Speed up Julia code for simple Monte Carlo Pi estimation (compared to Numba)

Hello, I’m benchmarking Julia against some other langauges, mainly against Cython, Numba etc (in this case mainly Numba). I’m running a simple Monte Carlo estimate of Pi. Trying to recreate Python+Numba vs. Julia, and expand it to parallel execution.

For non-parallel Julia is slightly faster, not as much as the post, but reasonably quicker. However the threading for Julia seems to slow it down (thus Numba can be faster when in parallel). Any ideas why?
I’m still trying to wrap my head around all the different optimisations, @simd, @avx, @distributed, Threads.@threads, etc

I get the following running Julia (with export JULIA_NUM_THREADS = 4):

3.092
  115.656 ms (1 allocation: 16 bytes)
3.142268
3.1
  398.524 ms (7851017 allocations: 119.80 MiB)
3.1422492

and running Numba (parallel is speeding it up):

3.196
147 ms ± 11.9 ms per loop (mean ± std. dev. of 7 runs, 10 loops each)
3.16
71.8 ms ± 6.15 ms per loop (mean ± std. dev. of 7 runs, 10 loops each)

The Julia code

using BenchmarkTools

function estimate_pi(nMC)
    radius = 1.
    diameter = 2. * radius
    n_circle = 0
    for i in 1:nMC
        x = (rand() - 0.5) * diameter
        y = (rand() - 0.5) * diameter
        r = sqrt(x^2 + y^2)
        if r <= radius
            n_circle += 1
        end
    end
    return (n_circle / nMC) * 4.
end

# threaded version (think this is the right approach)
function estimate_pi_thread(nMC)
    radius = 1.
    diameter = 2. * radius
    n_circle = 0
    Threads.@threads for i in 1:nMC
        x = (rand() - 0.5) * diameter
        y = (rand() - 0.5) * diameter
        r = sqrt(x^2 + y^2)
        if r <= radius
            n_circle += 1
        end
    end
    return (n_circle / nMC) * 4.
end

nMC2 = 10000000

println(estimate_pi(1000)) # to warm up fn
@btime pi_est =estimate_pi(nMC2)


println(estimate_pi_thread(1000)) # to warm up fn
@btime pi_est = estimate_pi_thread(nMC2)

Python/Numba code

from time import time

import numba
import numpy as np

@numba.njit
def estimate_pi_numba(nMC):
    radius = 1.
    diameter = 2. * radius
    n_circle = 0
    for i in range(nMC):
        x = (np.random.random() - 0.5) * diameter
        y = (np.random.random() - 0.5) * diameter
        r = np.sqrt(x ** 2 + y ** 2)
        if r <= radius:
            n_circle += 1
    return 4. * n_circle / nMC

# parallel version
@numba.njit(parallel=True)
def estimate_pi_numba_prange(nMC):
    radius = 1.
    diameter = 2. * radius
    n_circle = 0
    for i in numba.prange(nMC):
        x = (np.random.random() - 0.5) * diameter
        y = (np.random.random() - 0.5) * diameter
        r = np.sqrt(x ** 2 + y ** 2)
        if r <= radius:
            n_circle += 1
    return 4. * n_circle / nMC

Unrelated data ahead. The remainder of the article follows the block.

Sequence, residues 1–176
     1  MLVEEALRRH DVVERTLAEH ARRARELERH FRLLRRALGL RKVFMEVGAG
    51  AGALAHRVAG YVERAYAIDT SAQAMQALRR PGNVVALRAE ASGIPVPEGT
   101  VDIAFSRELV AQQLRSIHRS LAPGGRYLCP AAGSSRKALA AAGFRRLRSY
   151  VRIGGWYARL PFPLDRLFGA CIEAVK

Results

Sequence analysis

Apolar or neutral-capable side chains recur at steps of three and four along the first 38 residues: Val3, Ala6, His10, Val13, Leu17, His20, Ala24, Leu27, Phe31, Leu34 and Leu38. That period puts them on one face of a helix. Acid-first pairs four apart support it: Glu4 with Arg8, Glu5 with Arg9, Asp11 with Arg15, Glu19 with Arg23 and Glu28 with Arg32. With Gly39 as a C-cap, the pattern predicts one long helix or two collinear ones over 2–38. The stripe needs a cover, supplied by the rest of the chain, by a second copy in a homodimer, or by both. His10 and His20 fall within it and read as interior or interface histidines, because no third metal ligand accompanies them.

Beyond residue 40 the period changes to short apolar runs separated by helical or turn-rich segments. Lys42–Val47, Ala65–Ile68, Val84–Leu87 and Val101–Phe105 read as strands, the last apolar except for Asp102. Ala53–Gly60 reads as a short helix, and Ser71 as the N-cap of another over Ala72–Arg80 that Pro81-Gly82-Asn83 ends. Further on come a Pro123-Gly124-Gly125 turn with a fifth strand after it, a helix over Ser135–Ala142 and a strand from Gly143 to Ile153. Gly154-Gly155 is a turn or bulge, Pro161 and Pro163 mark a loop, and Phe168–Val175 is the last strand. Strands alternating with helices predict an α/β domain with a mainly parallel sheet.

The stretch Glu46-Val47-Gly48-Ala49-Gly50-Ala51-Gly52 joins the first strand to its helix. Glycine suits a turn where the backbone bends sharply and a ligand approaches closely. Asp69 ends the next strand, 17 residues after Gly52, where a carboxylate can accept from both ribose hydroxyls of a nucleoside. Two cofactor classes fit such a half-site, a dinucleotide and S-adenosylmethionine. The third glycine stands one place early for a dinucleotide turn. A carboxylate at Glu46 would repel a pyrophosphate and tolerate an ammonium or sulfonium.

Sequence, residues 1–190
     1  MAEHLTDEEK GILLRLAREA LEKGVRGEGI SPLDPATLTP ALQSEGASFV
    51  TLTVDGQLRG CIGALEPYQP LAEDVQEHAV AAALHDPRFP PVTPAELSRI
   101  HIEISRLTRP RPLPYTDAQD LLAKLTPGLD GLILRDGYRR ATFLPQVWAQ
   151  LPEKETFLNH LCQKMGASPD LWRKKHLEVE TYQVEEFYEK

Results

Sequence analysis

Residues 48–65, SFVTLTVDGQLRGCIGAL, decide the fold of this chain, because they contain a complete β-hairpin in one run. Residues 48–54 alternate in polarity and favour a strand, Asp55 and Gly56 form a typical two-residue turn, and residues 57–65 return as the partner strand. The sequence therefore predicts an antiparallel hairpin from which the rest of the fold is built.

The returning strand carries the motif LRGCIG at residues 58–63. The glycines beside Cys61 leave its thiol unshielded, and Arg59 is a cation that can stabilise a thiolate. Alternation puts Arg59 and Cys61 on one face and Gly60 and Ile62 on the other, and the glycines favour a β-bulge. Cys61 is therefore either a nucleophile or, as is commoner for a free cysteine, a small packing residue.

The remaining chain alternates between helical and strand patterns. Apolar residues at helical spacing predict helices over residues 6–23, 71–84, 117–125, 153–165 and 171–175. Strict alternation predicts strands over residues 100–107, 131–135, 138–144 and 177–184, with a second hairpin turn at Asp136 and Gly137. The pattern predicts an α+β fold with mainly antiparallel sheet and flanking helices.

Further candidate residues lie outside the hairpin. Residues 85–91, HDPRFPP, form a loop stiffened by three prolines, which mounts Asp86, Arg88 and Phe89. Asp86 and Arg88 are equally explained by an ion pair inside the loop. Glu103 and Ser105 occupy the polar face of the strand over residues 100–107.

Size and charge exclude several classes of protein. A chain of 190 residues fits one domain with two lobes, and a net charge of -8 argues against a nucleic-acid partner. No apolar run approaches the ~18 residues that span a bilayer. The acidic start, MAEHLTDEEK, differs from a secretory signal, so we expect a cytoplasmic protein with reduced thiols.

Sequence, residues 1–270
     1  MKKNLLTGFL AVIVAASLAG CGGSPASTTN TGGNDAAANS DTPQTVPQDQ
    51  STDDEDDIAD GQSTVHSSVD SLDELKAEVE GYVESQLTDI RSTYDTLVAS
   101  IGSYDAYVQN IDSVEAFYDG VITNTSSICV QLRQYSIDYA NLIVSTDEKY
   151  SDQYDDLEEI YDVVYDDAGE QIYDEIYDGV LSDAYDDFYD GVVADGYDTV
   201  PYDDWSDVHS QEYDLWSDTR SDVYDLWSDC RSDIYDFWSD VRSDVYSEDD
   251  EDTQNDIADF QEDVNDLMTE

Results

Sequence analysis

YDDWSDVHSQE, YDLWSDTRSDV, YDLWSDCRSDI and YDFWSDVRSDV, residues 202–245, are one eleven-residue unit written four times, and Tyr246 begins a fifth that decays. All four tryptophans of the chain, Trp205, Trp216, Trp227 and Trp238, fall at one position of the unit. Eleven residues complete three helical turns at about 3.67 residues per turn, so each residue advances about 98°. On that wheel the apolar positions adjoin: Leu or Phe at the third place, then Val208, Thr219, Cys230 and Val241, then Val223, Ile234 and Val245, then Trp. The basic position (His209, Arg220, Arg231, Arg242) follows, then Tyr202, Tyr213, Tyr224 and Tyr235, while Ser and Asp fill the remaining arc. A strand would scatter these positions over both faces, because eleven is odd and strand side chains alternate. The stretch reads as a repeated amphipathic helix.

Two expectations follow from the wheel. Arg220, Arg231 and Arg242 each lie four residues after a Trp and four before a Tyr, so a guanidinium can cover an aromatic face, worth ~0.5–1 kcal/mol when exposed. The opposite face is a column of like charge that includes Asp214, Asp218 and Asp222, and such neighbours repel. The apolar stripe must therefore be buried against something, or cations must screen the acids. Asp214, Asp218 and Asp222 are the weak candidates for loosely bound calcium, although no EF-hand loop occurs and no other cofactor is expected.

nMC = 10000000

print(estimate_pi_numba(1000)) # to warm up fn
%timeit -n 10 pi_est = estimate_pi_numba(nMC)

print(estimate_pi_numba_prange(1000)) # to warm up fn
%timeit -n 10 pi_est = estimate_pi_numba_prange(nMC)
2 Likes

By the way, there’s no need to do this. BenchmarkTools @btime already takes care of this for you.

I’m pretty sure this is yet another example of performance of captured variables in closures · Issue #15276 · JuliaLang/julia · GitHub due to the closure created by @threads. You can see the problem by doing:

julia> @code_warntype estimate_pi_thread(1000)
Variables
  #self#::Core.Const(estimate_pi_thread)
  nMC::Int64
  threadsfor_fun::var"#25#threadsfor_fun#8"{Float64, Float64, UnitRange{Int64}}
  n_circle@_4::Core.Box

Using the usual Ref trick solves that problem:

function estimate_pi_thread(nMC)
    radius = 1.
    diameter = 2. * radius
    n_circle = Ref(0)
    Threads.@threads for i in 1:nMC
        x = (rand() - 0.5) * diameter
        y = (rand() - 0.5) * diameter
        r = sqrt(x^2 + y^2)
        if r <= radius
            n_circle[] += 1
        end
    end
    return (n_circle[] / nMC) * 4.
end

With that change, I see the following with julia --threads=1 (only one thread to work with):

julia> @btime estimate_pi($nMC2)
  88.248 ms (0 allocations: 0 bytes)
3.1414028

julia> @btime estimate_pi_thread($nMC2)
  137.082 ms (7 allocations: 576 bytes)
3.1417592

With julia --threads=2, I see:

julia> @btime estimate_pi_thread($nMC2)
  114.105 ms (12 allocations: 1.00 KiB)
1.7710592

and with --threads=4 I see:

julia> @btime estimate_pi_thread($nMC2)
  110.060 ms (22 allocations: 1.89 KiB)
0.932612

so indeed there’s not much benefit from this particular manner of threading. I would guess that there’s too little work being done in each iteration for the overhead of threading to make sense.

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The threaded code is not correct, because you are concurrently adding to n_circles. You should at least save them in an array:

julia> # threaded version (think this is the right approach)
       function estimate_pi_thread(nMC)
           radius = 1.
           diameter = 2. * radius
           n_circle = zeros(Int,Threads.nthreads())
           Threads.@threads for i in 1:nMC
               x = (rand() - 0.5) * diameter
               y = (rand() - 0.5) * diameter
               r = sqrt(x^2 + y^2)
               if r <= radius
                   n_circle[Threads.threadid()] += 1
               end
           end
           return (sum(n_circle) / nMC) * 4.
       end
estimate_pi_thread (generic function with 1 method)

That seems to solve most of the problem:

julia> @btime estimate_pi_thread(nMC2)
  76.575 ms (23 allocations: 2.00 KiB)
3.1414848

julia> @btime estimate_pi($nMC2)
  103.041 ms (0 allocations: 0 bytes)
3.1408116

(I think the numbe code is not correct either)

7 Likes